Police ordered the evacuation of more local residents in the Landiras area yesterday (Monday 18 July), with Liber Pater’s vineyard in Graves also evacuated as firefighters continued to try to contain a large forest fire that has been burning for the past week.
‘The police came this morning (18 July), because the fire was very close and because the wind was very strong,’ said Loïc Pasquet, owner of Liber Pater, which specialises in making small-batch wines from ungrafted vines and reviving rare grape varieties.
There was so far no damage to vines from fire, or problems with smoke, he told Decanter. Bordeaux’s wine council, the CIVB, has also said that no vineyards have been damaged by fire so far.
Yet more than 8,000 people were evacuated from the Landiras area yesterday and the fire has burned 12,800 hectares of land in the Langon district over the past week, the regional government said this morning (19 July).
‘The situation remains very unfavourable,’ it said. ‘Firefighters battled the blaze all night. The fire is likely to progress east with a westerly wind that picked up overnight.’
Another major fire has led to evacuations near Arcachon on the coast, while wildfires have been burning in several parts of Europe over the past week, at a time when temperatures have soared.
Alongside reporting no damage to vines so far, the CIVB said yesterday (Monday 18 July) that the wind direction had also kept smoke away from vines. ‘There is, to date, no fear of the impact of the smoke,’ a spokesperson said.
She added, ‘We extend our support to the many employees and personnel working in the vineyards who live in or near the areas affected by the fires. We also salute all the efforts and work done by the firefighters who are working to control the two fires.’
At Liber Pater, the team destroyed all the grass around the vineyard before leaving, to try to help block the fire’s path. Pasquet said he had been prepared to evacuate, ‘but of course you are not happy to leave your vineyard’. He was able to briefly return to check on the site on Tuesday morning.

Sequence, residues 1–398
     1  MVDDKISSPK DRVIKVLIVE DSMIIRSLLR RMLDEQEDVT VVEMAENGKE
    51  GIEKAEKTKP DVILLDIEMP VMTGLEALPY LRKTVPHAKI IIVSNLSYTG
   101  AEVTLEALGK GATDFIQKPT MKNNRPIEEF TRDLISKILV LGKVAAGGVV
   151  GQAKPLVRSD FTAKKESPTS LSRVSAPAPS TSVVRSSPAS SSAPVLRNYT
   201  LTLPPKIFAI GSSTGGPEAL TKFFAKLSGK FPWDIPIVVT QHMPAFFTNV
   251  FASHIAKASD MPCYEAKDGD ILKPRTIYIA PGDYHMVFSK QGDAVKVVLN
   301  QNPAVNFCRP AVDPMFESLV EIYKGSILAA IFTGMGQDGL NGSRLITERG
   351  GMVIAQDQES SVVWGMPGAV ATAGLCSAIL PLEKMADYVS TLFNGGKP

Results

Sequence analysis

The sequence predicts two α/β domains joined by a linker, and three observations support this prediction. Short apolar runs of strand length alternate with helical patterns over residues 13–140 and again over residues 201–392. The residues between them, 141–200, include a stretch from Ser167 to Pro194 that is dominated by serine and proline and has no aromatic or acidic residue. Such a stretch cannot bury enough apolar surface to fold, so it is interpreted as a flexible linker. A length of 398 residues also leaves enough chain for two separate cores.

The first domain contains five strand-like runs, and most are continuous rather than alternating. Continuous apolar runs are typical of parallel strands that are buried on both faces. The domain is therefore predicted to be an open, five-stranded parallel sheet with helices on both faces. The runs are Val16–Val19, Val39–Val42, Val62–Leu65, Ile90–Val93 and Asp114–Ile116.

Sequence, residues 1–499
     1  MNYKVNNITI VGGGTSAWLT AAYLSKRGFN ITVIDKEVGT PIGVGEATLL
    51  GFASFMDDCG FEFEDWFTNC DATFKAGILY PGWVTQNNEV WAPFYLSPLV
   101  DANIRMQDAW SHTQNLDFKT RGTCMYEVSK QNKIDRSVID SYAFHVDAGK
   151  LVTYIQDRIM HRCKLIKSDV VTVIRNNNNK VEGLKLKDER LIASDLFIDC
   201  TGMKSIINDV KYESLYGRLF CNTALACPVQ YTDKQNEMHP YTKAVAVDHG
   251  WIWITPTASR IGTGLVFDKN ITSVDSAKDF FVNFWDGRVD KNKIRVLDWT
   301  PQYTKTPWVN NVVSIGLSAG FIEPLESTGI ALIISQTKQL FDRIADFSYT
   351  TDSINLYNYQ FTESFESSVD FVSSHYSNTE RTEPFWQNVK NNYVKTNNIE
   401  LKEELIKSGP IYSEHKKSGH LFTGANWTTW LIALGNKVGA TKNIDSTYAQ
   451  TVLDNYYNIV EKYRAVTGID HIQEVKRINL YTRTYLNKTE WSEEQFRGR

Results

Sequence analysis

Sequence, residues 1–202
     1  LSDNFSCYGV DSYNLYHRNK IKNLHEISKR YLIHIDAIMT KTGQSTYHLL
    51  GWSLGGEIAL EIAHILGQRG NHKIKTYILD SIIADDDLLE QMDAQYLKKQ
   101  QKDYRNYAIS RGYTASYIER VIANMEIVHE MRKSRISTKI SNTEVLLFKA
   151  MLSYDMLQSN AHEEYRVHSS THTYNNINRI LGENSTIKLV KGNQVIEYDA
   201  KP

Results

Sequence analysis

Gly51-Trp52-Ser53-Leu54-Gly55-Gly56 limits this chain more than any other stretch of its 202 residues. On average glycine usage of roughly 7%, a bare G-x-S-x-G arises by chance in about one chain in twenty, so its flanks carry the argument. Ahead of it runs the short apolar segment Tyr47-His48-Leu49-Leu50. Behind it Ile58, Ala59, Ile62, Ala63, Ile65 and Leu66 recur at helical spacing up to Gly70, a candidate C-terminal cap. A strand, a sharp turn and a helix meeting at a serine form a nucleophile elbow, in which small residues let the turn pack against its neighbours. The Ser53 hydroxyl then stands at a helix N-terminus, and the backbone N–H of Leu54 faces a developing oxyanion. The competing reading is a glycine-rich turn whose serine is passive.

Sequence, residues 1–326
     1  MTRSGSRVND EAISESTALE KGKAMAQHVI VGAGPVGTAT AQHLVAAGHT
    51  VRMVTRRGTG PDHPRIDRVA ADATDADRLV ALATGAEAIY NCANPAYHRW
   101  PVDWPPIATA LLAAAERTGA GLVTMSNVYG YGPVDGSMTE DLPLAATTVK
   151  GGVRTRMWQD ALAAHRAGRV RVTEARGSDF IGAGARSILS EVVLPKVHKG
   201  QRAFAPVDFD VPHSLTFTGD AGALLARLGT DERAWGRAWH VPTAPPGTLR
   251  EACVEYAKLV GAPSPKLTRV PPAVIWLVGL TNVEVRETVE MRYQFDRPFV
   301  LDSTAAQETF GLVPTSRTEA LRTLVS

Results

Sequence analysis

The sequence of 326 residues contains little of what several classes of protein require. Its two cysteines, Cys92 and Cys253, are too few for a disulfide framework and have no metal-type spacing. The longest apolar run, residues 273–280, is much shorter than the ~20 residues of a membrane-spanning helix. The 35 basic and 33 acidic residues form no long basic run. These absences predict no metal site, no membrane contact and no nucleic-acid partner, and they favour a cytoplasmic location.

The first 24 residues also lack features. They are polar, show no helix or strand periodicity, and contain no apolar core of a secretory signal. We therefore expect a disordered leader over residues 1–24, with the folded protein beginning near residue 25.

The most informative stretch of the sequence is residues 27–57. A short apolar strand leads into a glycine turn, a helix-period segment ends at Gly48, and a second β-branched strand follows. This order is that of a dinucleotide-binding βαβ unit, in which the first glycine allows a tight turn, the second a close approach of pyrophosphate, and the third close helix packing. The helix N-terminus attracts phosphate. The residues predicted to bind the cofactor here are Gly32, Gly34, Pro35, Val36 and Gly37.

Liber Pater’s small-production wines are among the world’s most expensive, but for Pasquet the project represents 25 years of his work to revive rare grape varieties. ‘I don’t want to lose the native varieties of Bordeaux I saved,’ he said.
He said he was a natural optimist but that the fire underlines the urgent need to move more quickly to adapt to, and combat, climate change.
The AOC Sauternes and Barsac wine body posted an image on Instagram of the fire in the distance, and described its sadness at seeing the forest in flames. ‘All the winegrowers of Sauternes and Barsac thank the firefighters and volunteers who fight night and day to save our territory,’ it said.
Decanter understands that winemakers in the Conseil des Vins de Graves & Sauternes discussed the situation at a meeting last night.
This included ways of offering near-term support to anyone affected by the fires but also the importance of long-term strategies to preserve and enhance ecosystems and environmental habitats in the face of global warming, according to a report of the meeting from Séverine Bonnie, of Château Malartic Lagravière.
Bonnie said some individual wineries have been providing emergency relief, such as shelter, food and equipment.
Climate scientists have warned that extreme weather events, including wildfires and drought, are becoming more common.